This post is part of my 31 Days of the Almost Empty Nest series. My Wednesday book club series is a part of the journey—a way of exploring creativity during this season. I’m writing in community with the thirty-one dayers. Women all over the world are joining together in the month of October to write every day about something they’re passionate about. Check out some of the other writers here. So much good stuff. To read my first post, with links to all the days, go here. Don’t forget to leave a comment on this post for a chance to win a cool giveaway.
What do I say? Where to begin?
When you kiss your boys good-night, you remember your childhood…how you would huddle under covers and wait for mother’s soft hands. She always came. Until she didn’t anymore. You still remember, don’t you? You hold on to that child, long for her sweet smelling skin. But it all went awry. Can you let it go? I mean, really? Not this pretend game you keep playing, but really? Why do you cry when you look at the moon? Is He not in everything you see and touch? Hold out your hand. He is yours. You are His.
But you still fear that this is not real. You think what happened in-between is what is real. Why? Why, when this is where happiness is? When the before was love? When the now is love? The in-between only. Just. But love remembers. Love hopes. That is real.
This is real.
You are not a ghost person. You feel. Touch and see. This is no dream.
Your heart is beautiful …
So it began. My letter to myself. It went deeper than I wanted it to. It got under my skin.
In this week’s readings from The Right to Write: An Invitation and Initiation into the Writing Life, Julia Cameron urges us to write a letter. To ourselves. Not just any letter, mind you, but an Obi-Wan Kenobi-esque letter—a letter from an older and wiser eighty-year-old you.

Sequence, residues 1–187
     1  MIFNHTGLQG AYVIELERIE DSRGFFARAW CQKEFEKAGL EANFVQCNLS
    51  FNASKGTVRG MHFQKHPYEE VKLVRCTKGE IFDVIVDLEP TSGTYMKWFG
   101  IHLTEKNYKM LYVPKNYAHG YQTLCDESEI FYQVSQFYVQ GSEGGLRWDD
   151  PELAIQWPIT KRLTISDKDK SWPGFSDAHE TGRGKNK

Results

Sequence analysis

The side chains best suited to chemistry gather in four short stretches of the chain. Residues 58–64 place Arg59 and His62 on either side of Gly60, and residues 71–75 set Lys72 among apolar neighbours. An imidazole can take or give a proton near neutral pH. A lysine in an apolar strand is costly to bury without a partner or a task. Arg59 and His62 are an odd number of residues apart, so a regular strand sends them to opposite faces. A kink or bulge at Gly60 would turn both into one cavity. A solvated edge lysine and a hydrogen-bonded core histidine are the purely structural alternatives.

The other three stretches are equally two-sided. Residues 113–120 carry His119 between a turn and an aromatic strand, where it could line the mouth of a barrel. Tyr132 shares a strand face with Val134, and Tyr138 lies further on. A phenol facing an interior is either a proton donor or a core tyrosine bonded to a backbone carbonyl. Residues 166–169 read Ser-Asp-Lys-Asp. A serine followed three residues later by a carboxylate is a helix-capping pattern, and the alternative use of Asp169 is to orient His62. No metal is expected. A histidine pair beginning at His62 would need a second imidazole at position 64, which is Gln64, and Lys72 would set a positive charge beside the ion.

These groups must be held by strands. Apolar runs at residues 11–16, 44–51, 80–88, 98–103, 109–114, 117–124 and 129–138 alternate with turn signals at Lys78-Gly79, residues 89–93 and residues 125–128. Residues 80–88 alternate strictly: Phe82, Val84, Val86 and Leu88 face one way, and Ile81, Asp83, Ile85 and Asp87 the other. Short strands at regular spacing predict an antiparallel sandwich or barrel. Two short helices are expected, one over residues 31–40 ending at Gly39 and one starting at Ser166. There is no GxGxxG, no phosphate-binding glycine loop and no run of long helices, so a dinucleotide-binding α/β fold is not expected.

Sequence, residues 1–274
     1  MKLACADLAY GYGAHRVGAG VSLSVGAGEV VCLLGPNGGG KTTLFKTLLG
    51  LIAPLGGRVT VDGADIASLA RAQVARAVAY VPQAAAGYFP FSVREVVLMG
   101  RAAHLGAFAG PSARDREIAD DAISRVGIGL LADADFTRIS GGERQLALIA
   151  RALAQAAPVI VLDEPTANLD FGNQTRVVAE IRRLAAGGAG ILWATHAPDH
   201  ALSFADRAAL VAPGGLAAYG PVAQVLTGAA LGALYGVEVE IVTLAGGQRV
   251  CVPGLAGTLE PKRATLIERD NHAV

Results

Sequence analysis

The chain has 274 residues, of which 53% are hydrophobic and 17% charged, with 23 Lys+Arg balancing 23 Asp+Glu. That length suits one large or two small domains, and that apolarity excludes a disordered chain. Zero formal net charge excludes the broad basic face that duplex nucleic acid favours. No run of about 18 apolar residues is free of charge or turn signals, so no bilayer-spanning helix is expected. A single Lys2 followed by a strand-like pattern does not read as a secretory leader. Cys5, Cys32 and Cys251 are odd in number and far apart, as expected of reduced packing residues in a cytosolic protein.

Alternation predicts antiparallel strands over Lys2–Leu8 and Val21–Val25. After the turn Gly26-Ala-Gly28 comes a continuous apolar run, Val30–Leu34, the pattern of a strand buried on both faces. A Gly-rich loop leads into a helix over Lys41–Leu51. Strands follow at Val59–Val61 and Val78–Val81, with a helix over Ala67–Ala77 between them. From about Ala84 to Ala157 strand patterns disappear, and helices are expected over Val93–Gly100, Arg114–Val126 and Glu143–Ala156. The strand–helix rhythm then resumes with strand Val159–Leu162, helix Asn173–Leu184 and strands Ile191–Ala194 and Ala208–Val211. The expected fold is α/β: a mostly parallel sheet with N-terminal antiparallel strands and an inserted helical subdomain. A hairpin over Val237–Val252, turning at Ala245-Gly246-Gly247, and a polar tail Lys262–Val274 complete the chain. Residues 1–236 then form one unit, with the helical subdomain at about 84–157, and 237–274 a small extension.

This tool is intended to give you a higher perspective. So often our loneliness comes because we have lost the overview, the sense of the large sweep and movement in our lives. In this tool you are asked to try directly contacting what may feel to you like a mythological or archetypal character…Allow your Older Self to give you a sense of perspective, guidance, and right action…
So I stepped back. Took a look at my life. And asked myself, what do you want to say to this woman?
Turns out I wanted to say a lot.
I realized that I reacted so strongly to this exercise because I need someone to witness my life. This brought me back to that place I was years ago…that place that caused me to abandon The Artist’s Way before I even began. It brought me back to those dreaded Morning Pages.
So much of the loneliness of modern life comes because we no longer witness each other. Our lives are led at such velocity that we often feel—and are—quite alone…We need more and better witness, closer and more personal tenderness than we can offer each other long distance despite our good intentions…What writing brings to a life is clarity and tenderness. Writing, we witness ourselves…
I’ve started writing my Morning Pages, friends. Three pages of daily longhand writing, strictly stream of consciousness. When I started, I told myself I didn’t have to do it every morning—that I have my Morning Pages, they don’t have me. I have missed a couple days. I found that Cameron is right. When I don’t write, I feel out-of-balance … lonely … blah.
I’ve started writing my Morning Pages. How about you?
Three more chapters for next week: Connection, Being an Open Channel, and Integrating. See you on the page…